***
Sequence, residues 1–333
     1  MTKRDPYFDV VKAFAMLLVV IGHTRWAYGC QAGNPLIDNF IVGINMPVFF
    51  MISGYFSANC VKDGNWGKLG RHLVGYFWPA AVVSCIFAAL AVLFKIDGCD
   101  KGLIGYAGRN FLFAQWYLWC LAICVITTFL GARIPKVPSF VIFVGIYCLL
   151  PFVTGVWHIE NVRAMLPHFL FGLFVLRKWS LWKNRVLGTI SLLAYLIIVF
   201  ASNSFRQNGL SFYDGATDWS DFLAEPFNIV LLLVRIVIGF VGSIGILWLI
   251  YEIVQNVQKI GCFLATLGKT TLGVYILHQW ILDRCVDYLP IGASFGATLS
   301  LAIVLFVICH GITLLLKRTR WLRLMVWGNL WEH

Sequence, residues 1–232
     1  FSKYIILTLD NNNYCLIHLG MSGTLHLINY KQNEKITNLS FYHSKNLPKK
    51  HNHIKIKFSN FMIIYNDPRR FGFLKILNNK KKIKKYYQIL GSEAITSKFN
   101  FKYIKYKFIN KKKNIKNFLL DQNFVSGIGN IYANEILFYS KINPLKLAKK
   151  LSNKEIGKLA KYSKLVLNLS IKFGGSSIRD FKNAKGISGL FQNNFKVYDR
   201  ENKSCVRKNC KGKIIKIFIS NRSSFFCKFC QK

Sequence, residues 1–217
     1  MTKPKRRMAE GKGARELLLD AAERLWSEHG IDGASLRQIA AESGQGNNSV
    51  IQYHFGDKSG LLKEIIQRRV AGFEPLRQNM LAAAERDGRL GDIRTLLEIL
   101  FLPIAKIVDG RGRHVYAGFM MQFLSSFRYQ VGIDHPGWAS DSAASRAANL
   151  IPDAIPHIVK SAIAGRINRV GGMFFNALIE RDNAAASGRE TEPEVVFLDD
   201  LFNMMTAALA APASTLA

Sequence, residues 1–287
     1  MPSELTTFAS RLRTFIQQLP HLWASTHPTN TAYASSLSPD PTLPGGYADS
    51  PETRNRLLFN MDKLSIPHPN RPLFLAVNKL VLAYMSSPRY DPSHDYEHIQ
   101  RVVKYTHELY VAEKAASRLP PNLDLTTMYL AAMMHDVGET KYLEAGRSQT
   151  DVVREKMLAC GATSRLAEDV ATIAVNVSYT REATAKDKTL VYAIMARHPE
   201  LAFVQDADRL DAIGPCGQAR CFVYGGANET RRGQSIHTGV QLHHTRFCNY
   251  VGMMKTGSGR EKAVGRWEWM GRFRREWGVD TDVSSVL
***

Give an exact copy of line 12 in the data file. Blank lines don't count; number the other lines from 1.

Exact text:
   101  FKYIKYKFIN KKKNIKNFLL DQNFVSGIGN IYANEILFYS KINPLKLAKK